c) Five elements for a great story

First, you want your audience to be interested and engaged in your story and for this you need a shift. For example, I am working on the calibration of two different cameras. After looking for information on Mathworks about a calibrator application, one of the comments was “Why are you looking for something complicated in calibrated different cameras when all you have to do is to buy two identical cameras?” From there, I was thinking whether “am I doing something feasible?” and yes! I did succeed in calibrating these two diametrically different cameras. There is a shift in result from non-feasible to feasible. In every good story, there is a shift in values, beliefs or results.

Secondly, if you want the audience to identify with you, you need to infuse your story with some emotions and feelings. How did you feel when the simulation you have been working on for six months was a success? Personally, I felt proud when I came up with results that would make a paper. And you? How did you feel? Remember that people tend to forget facts, but they tend to remember emotions and feelings quite well.

Another element is the descriptive details in your story. How can the audience be with you as you tell your story without any important details? For a good story, you need to paint a picture. If you talk about analysing a huge amount of data instead of using “huge amount of data” you can use a number “For this simulation, I had to deal with 100 Gb of data and find a computational way to go through it without crushing the computer”.  It is better to show than to tell. But be careful as you don’t want to give too much details as the audience might get lost. Just give details that matter and a descriptive language that uses the five senses.

Moreover, a good story is a story that starts and end strong. Don’t lose time saying “I’m going to tell you a story about…” because first you only have a determined amount of time for your talk and second you don’t want to lose the people before you even starting your story. Instead, you can start with “Last week, I was…”,When I first started to work on …, I felt…”. Use the end of the story to tell the bigger point “All to say that without this problem to solve I would never had discovered this…”, “I tell you this story because …”. It is good practise to rehearse the beginning and ending lines more than any part of the story, so you know where to start and when you are finishing.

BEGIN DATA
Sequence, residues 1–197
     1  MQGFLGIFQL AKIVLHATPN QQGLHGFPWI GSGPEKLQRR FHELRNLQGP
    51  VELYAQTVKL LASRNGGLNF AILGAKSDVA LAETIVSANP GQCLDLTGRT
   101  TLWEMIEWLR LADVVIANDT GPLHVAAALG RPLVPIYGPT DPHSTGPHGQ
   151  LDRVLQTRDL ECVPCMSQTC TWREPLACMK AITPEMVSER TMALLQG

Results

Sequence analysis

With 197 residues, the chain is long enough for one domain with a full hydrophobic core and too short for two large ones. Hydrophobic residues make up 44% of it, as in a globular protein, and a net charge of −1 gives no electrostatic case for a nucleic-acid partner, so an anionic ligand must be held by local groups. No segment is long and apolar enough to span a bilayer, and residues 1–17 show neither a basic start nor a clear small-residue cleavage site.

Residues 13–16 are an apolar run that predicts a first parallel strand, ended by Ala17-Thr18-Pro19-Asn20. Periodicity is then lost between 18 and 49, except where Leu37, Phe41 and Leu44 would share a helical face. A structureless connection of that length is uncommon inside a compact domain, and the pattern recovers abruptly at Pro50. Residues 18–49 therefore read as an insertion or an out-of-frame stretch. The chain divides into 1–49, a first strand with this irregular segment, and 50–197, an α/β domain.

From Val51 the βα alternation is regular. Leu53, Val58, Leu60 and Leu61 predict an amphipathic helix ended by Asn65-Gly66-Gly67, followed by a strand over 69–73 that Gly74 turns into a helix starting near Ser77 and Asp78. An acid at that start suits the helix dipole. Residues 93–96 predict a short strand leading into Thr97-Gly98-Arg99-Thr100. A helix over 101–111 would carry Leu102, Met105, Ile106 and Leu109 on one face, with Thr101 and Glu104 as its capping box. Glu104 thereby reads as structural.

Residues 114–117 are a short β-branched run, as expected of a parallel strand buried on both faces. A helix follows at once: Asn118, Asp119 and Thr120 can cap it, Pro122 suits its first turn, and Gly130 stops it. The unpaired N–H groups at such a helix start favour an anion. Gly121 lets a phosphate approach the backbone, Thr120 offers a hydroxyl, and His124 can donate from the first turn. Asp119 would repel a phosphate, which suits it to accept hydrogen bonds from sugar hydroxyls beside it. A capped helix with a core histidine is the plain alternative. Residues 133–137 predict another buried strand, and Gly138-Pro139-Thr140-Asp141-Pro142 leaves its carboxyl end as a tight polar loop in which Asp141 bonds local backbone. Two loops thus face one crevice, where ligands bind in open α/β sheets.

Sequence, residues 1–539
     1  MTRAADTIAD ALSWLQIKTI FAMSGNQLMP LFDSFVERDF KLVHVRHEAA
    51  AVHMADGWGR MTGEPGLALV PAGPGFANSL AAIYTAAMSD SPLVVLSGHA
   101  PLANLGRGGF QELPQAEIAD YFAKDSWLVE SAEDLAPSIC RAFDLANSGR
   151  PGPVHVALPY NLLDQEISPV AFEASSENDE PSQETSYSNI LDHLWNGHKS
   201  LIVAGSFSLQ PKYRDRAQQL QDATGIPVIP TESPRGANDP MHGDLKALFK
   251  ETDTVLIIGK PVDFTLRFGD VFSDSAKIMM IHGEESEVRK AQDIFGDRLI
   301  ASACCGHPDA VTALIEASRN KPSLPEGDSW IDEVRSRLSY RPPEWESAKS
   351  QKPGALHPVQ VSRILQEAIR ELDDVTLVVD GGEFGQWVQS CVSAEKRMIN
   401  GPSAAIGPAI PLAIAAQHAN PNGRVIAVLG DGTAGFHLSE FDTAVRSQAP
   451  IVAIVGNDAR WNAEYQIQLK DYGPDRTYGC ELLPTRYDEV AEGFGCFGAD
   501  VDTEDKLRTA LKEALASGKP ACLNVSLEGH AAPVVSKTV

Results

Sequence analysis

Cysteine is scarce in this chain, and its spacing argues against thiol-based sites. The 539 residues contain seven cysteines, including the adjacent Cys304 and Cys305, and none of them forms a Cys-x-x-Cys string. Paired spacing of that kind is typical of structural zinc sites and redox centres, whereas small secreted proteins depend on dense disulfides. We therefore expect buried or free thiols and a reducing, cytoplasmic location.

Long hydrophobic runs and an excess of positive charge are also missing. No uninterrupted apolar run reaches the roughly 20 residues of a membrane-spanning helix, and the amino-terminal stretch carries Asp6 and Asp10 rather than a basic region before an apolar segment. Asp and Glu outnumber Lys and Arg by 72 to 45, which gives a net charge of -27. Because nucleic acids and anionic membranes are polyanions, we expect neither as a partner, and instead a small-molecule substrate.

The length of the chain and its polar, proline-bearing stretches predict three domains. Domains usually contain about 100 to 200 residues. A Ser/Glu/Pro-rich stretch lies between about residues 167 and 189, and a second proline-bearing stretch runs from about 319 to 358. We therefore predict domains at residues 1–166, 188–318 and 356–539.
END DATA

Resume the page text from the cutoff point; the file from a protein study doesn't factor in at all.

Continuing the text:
Last but not the least, make sure that you stay on track. One of my biggest problem when I tell a story is that I forget, most of the time, why I’m telling someone the story at the first place because I got lost in the details. Make sure your transitions help focus you – make them touch points. Leave out extraneous details that will complicate the story and are unnecessary information. When you prepare the story, you can follow this structure: Point → ReasonExamplePoint summarised.

d) Conclusion

At some point in our studies, we must give a public talk and we can all agree that this is a challenging task. To sum up a bit, a story can be an effective way to hook an audience as long we are efficient and have a specific message to deliver. All you have to remember for a good story is that it has to bring the public with you by showing emotions, demonstrating the shift, by describing the scene, staying on track and have a strong start and end. We all have stories to share about our work or lives, some anecdotes. Remember that you can always test your story before your talk with some friends and colleagues.

That’s the end of the article. I hope you found it useful ? I’m looking forward to hearing about your comments on the topic, do not hesitate to share your thoughts on our Facebook page! If you want to refer to some talks or books here is a list of resources:


Gallo, Carmine (2014), Talk Like TED. New York: St. Martin’s Press.
Godin, Seth. All Marketers Are Liars: The Power of Telling Authentic Stories in a Low-Trust World. London: Penguin Group 2005.
Goleman, Daniel. Emotional Intelligence: Why It Can matter More than I.Q. New York: Bantam Books, 1995.
Knaflic, Cole Nussbaumer. Storytelling with Data. Wiley, 2015.
Lamott, Anne. Bird by bird: Some instructions on Writing and Life. New York: Anchor Books/Doubleday 1994.
Simmons, Annette. The Story Factor: Inspiration, Influence and Persuasion through the Art of Storytelling, 2nd edition, Boston Books, 2006.
Simmons, Annette. Whoever Tells the Best Story Wins, 2nd edition, Boston Books, 2007.
Denning, Stephen. The leader’s Guide to Storytelling: Mastering the Art and Discipline of Business Narrative, Edition 2.


Andrew Stanton: The Clues to a Great Story: (Must see! The catch story is excellent!)
Brené Brown: The Power of Vulnerability:
Luis Von Ahn: Massive Scale Online Collaboration :
Sheryl Sandberg: Why we have too few women leaders:
Steve Jobs 2005 : Stanford Commencement Speech:
Tim Urban: Inside the mind of a master procrastinator (I’m adding this one to the list to get a funny picture of what happens in our procrastinator mind as post-graduate students)